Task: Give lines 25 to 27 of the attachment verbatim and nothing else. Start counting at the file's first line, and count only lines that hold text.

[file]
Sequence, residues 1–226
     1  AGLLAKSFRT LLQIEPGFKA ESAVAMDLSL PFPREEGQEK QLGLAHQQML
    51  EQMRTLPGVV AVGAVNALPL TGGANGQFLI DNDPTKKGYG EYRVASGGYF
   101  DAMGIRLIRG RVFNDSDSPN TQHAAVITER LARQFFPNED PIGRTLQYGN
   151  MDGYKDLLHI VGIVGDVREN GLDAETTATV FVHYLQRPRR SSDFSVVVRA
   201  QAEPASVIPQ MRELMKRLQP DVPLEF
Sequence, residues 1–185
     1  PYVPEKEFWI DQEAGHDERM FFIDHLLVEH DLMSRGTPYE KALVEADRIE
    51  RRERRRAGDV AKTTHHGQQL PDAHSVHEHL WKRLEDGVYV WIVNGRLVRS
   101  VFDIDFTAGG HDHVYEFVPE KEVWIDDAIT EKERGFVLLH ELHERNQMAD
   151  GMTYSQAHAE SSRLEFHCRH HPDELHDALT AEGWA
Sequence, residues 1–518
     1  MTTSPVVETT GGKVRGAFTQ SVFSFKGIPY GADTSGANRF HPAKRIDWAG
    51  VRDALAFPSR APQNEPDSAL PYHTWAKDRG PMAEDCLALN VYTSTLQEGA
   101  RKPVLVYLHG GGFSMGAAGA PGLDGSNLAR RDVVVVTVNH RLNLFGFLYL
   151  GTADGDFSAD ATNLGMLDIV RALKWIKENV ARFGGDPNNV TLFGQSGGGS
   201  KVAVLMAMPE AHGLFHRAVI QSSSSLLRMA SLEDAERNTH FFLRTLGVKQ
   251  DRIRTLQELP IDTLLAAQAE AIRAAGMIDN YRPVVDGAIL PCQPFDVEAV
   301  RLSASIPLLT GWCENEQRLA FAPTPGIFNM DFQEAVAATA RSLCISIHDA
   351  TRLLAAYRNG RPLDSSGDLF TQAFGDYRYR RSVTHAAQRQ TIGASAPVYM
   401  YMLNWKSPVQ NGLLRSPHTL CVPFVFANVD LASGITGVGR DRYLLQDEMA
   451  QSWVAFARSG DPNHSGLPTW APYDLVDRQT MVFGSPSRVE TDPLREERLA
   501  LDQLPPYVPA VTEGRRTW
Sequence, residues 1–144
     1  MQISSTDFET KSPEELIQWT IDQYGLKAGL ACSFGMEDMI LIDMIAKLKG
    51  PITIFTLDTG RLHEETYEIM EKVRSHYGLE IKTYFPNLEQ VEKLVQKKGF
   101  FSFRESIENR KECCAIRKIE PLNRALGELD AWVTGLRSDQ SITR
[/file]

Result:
     1  MQISSTDFET KSPEELIQWT IDQYGLKAGL ACSFGMEDMI LIDMIAKLKG
    51  PITIFTLDTG RLHEETYEIM EKVRSHYGLE IKTYFPNLEQ VEKLVQKKGF
   101  FSFRESIENR KECCAIRKIE PLNRALGELD AWVTGLRSDQ SITR